Amy Golahny, Mia Mochizuki and Lisa Vergara, editors, In his milieu: essays on Netherlandish art in memory of John Michael Montias, Amsterdam (Amsterdam University Press) 2006. ISBN 90-5356-933-2.

© Gary Schwartz 2007. Published in Loekie Schwartz’s Dutch translation in Het Financieele Dagblad, Amsterdam, 10 March 2007, p. 21

12 August 2017: Having been reminded of this column by Albert Elen, for its P.S. on Egbert Haverkamp Begemann after his demise on 5 August 2017, I remembered something about Michael Montias and Scarlett Johansson. When the film came out and I made a sour remark on it to Michael, he replied with upright enthusiasm and more forgivingness than I could muster that he thought it was splendid.


One of the speakers that evening was Egbert Haverkamp-Begemann, who at the age of 84 still attends all the important events in our field and takes an active part in many. He was Montias’s mentor, first in art collecting, then in art history, when the economist began to develop an interest in Dutch art. They were colleagues at Yale in the 1960s. Haverkamp Begemann revealed to us that Montias’s passion for collecting went much further than we knew. He collected not only minor Dutch masters but also garbage-belt trophies. John-Luke had to admit it was true. His parents liked to excavate dumps, from which they brought back the kind of treasures that only the discoverer could love. But love them they did.

Egbert Haverkamp Begemann at presentation of Montias memorial album, 15 February 2007

Egbert Haverkamp Begemann during his talk at the presentation of In his milieu.

All of us who have worked with him have benefitted immensely from Haverkamp Begemann’s readiness to cooperate on worthwhile projects and to endow them with the extra historical and personal dimensions that only he can provide. He is the only member of the older generation who continues to fill this essential role so consistently. It is a blessing for all of us that he does so, and that he does it so graciously and so well.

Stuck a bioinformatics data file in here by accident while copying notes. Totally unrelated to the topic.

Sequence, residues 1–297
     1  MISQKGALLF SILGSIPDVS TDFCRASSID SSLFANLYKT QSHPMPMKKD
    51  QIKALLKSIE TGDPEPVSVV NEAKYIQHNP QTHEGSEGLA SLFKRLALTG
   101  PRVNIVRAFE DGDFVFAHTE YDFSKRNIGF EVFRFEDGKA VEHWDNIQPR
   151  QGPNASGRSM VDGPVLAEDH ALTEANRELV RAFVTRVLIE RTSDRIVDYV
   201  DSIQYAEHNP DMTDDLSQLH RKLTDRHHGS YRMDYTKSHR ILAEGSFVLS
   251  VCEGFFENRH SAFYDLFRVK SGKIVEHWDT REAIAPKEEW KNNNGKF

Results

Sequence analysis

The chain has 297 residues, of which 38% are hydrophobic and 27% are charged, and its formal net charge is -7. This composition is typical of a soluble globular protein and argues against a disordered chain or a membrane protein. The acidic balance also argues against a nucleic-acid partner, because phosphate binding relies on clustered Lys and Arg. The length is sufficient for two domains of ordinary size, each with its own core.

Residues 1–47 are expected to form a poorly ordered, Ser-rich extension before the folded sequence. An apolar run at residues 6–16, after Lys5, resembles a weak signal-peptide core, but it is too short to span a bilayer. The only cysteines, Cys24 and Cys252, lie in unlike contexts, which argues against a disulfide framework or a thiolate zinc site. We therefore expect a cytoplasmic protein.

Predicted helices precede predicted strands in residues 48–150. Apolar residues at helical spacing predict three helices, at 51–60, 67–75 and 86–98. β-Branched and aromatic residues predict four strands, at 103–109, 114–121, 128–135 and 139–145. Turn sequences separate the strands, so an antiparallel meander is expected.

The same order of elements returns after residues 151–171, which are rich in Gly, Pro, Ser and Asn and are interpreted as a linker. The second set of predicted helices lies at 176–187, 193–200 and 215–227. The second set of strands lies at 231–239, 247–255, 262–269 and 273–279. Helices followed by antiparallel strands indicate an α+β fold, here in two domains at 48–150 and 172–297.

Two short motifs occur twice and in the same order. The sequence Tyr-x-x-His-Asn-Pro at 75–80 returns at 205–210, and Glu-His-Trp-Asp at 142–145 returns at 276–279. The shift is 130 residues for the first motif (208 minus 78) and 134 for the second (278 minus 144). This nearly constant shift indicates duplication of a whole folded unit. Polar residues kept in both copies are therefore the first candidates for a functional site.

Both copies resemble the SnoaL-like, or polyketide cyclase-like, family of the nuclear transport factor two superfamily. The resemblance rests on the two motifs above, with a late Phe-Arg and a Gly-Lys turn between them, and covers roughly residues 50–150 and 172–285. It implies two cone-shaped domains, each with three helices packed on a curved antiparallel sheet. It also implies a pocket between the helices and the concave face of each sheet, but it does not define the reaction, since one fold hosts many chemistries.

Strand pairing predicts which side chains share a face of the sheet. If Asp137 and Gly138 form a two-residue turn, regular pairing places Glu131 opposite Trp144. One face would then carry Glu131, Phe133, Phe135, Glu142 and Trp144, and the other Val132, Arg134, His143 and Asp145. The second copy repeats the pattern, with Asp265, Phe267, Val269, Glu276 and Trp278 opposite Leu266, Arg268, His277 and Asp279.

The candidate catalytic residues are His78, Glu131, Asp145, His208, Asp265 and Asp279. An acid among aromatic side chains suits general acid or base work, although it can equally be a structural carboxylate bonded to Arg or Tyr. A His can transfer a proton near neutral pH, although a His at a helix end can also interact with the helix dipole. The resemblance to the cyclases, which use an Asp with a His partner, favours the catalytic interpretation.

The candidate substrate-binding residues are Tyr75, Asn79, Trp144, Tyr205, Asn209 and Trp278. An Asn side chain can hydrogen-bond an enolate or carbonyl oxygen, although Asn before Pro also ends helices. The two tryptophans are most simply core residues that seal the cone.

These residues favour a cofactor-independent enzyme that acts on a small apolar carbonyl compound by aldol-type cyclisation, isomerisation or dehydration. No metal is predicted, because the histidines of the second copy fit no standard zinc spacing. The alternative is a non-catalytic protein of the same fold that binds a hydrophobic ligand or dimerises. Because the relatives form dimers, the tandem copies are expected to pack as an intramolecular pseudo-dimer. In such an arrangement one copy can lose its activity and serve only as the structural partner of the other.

This column has been appearing in Loekie’s Dutch translation, every other week, in Het Financieele Dagblad since 6 September 1998, and before that in NRC Handelsblad from 5 July 1996 to 22 August 1997. The internet edition has been appearing all that time in English, first under the title Form follows dysfunction (to be more specific and honest – first as Form follows disfunction, until John Walsh pointed out that disfunction was a dysfunctional misspelling), then the Schwartzlist. Originally it took the form of an e-mail message, then became a listserv, and for the past three years it has been a website, with a notification service for subscribers.

Why this history? Well, Het Financieele Dagblad has let me know that they are discontinuing the printed column after the issue of 21 April. The editor of the supplement in which it appears, Persoonlijk, explained to me sweetly that they need more space for autos and life style and that the paper was not giving them more pages. Something had to go, and one of the things to go was my column. It is not impossible that another Dutch newspaper or magazine will pick up the column, but I am not counting on it. I don’t feel like stopping, though. The rising pace of new subscriptions to the Schwartzlist is too much of an encouragement. I started in 1996 with 50 subscribers and now have 1019. Over the whole period this is an increase of about two readers a week, but in 2007 five new readers have signed up every week. This is very stimulating.

The column and its translation have always been paid for by the newspapers. This made it possible to make the internet edition available for nothing. To continue the column without deriving any income from it would not be feasible, in my financial situation. Among the possibilities I am considering is a pay-for-view feature for columns after they are first distributed for free, the way newspapers and some journals operate on internet. Another would be to let Google put up ads on the site. Not very appealing and probably not very lucrative. Other suggestions are welcome.